• HADDOCK refinement leads to 98% cryo-EM PPI clash removal
  • Cryo-EM interface contact quality is significantly enhanced by HADDOCK refinement
  • Structural quality of complexes is best preserved in all-atom refinement protocols


A wide range of cellular processes requires the formation of multimeric protein complexes. The rise of cryo-electron microscopy (cryo-EM) has enabled the structural characterization of these protein assemblies. The density maps produced can, however, still suffer from limited resolution, impeding the process of resolving structures at atomic resolution.

In order to solve this issue, monomers can be fitted into low- to medium-resolution maps. Unfortunately, the models produced frequently contain atomic clashes at the protein-protein interfaces (PPIs), as intermolecular interactions are typically not considered during monomer fitting.

Here, we present a refinement approach based on HADDOCK2.4 to remove intermolecular clashes and optimize PPIs. A dataset of 14 cryo-EM complexes was used to test eight protocols.

The best-performing protocol, consisting of a semi-flexible simulated annealing refinement with centroid restraints on the monomers, was able to decrease intermolecular atomic clashes by 98% without significantly deteriorating the quality of the cryo-EM density fit.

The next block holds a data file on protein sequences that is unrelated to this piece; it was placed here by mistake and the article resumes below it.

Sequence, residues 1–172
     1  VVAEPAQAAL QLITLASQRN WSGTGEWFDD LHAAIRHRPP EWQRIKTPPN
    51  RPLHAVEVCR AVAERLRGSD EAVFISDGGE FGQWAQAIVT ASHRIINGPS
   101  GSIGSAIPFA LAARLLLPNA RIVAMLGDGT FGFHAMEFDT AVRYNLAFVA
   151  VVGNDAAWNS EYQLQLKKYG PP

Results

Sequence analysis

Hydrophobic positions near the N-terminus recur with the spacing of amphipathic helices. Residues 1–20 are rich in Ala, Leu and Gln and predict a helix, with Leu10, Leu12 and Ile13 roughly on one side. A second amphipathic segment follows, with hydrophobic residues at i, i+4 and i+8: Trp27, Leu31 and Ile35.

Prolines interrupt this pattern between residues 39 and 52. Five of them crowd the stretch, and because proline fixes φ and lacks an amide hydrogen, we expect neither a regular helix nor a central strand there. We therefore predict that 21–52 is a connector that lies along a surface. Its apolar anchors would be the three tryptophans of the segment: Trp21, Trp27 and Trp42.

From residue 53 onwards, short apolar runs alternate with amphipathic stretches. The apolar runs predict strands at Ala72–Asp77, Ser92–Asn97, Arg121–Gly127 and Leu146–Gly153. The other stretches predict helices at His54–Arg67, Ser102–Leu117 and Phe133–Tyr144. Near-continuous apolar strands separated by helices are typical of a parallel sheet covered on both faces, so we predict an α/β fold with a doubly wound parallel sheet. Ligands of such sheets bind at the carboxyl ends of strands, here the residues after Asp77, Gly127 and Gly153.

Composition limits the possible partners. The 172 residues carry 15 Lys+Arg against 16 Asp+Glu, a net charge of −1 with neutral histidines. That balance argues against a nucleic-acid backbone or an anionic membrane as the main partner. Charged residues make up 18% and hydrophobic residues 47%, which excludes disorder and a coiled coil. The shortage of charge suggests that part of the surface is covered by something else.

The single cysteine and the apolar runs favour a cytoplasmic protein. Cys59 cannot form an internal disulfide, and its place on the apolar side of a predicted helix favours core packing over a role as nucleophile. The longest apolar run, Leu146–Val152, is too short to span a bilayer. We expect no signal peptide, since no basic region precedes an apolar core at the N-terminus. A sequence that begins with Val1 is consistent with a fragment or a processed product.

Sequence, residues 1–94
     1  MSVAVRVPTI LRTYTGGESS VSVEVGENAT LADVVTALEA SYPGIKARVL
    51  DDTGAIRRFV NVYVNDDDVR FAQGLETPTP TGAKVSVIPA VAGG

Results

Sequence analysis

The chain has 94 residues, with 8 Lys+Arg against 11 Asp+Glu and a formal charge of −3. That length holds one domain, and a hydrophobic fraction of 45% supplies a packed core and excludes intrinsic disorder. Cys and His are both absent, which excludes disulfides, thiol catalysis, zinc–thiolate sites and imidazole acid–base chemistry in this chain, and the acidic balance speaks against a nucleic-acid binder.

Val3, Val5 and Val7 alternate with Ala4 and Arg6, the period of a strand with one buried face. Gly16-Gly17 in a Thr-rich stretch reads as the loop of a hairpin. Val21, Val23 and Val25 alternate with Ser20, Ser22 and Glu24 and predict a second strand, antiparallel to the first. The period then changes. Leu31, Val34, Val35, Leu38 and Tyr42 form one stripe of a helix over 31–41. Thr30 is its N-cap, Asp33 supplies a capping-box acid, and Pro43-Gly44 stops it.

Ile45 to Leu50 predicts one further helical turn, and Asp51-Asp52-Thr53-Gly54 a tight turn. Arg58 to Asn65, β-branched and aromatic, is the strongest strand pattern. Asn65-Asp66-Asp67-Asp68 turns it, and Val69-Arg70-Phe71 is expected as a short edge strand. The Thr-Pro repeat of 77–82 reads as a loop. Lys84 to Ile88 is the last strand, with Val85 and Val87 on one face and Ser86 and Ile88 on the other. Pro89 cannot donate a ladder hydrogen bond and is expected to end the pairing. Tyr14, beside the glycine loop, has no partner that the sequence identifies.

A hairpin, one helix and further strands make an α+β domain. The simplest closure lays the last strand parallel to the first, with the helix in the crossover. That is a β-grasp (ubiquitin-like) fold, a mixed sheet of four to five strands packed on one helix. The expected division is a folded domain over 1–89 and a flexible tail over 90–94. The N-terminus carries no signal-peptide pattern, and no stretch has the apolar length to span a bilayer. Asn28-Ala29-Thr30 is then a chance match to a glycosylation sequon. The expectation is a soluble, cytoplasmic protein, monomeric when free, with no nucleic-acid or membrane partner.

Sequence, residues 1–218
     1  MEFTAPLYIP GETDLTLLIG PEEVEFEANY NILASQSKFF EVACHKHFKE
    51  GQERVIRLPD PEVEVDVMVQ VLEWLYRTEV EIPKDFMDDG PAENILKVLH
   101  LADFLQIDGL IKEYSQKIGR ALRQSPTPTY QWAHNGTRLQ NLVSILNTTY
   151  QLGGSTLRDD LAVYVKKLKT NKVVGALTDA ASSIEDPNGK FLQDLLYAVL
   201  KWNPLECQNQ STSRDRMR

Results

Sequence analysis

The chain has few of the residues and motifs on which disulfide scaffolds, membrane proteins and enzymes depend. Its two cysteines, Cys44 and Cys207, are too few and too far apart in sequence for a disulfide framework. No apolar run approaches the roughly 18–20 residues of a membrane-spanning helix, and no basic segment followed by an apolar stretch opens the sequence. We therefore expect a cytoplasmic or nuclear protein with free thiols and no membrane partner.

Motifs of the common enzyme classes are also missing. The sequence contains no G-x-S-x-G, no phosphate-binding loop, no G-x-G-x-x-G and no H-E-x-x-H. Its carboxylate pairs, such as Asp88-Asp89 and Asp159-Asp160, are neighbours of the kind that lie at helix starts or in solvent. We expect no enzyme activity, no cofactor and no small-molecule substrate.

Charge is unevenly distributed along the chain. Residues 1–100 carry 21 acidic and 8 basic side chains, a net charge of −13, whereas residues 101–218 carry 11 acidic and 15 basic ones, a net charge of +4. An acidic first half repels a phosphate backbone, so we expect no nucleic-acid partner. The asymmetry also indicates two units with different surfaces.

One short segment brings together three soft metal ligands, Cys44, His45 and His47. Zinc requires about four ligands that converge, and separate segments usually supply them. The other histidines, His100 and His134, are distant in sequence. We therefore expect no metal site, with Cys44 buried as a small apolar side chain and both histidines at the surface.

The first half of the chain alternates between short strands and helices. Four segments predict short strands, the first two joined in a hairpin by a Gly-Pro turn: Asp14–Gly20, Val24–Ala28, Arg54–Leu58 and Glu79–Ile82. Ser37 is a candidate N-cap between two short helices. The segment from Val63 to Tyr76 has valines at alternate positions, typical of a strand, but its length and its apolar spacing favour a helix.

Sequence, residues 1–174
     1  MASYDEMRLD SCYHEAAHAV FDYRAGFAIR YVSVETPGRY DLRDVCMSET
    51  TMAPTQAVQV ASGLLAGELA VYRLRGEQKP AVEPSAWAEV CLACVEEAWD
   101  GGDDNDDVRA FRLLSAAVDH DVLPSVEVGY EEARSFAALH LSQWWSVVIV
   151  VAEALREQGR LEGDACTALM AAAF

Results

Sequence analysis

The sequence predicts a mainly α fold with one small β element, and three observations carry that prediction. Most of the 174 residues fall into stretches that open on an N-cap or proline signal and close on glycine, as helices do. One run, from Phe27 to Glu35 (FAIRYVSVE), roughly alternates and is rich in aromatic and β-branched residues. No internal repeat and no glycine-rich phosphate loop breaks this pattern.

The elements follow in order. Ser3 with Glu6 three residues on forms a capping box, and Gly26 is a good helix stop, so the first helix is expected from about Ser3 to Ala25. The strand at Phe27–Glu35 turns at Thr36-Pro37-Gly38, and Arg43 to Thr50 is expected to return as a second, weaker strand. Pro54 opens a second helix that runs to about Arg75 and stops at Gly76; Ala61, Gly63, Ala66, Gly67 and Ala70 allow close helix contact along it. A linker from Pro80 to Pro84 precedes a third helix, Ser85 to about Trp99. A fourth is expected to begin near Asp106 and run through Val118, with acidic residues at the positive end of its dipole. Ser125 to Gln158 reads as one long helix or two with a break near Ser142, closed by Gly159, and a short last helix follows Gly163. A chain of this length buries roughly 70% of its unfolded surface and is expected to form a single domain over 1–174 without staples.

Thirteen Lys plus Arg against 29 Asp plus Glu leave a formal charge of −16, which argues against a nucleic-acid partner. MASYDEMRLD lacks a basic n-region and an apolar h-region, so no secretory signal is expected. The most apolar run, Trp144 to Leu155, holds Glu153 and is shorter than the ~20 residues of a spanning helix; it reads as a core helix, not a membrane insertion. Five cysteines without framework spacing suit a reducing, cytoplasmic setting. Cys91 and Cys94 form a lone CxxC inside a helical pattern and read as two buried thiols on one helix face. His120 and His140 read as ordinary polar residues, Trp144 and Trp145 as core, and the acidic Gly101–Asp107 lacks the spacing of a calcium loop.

[maxbutton id=”4″ url=”https://doi.org/10.1016/j.str.2022.02.001″ text=”Read More” window=”new” linktitle=”Structure: Interface refinement of low- to medium-resolution Cryo-EM complexes using HADDOCK2.4″ ]


Tim Neijenhuis, Siri C. van Keulen, Alexandre M.J. J.Bonvin (2022):
Interface refinement of low- to medium-resolution Cryo-EM complexes using HADDOCK2.4.

Structure 30(4)

About the author

Stian works in School of Computer Science, at the University of Manchester in Carole Goble‘s eScience Lab as a technical software architect and researcher. In addition to BioExcel, Stian’s involvements include Open PHACTS (pharmacological data warehouse), Common Workflow Language (CWL), Apache Taverna (scientific workflow system), Linked Data and identifiers, research objects (open science) and digital preservation, myExperiment (sharing scientific workflows), provenance (where did things come from and who did it) and annotations (who said what). orcid.org/0000-0001-9842-9718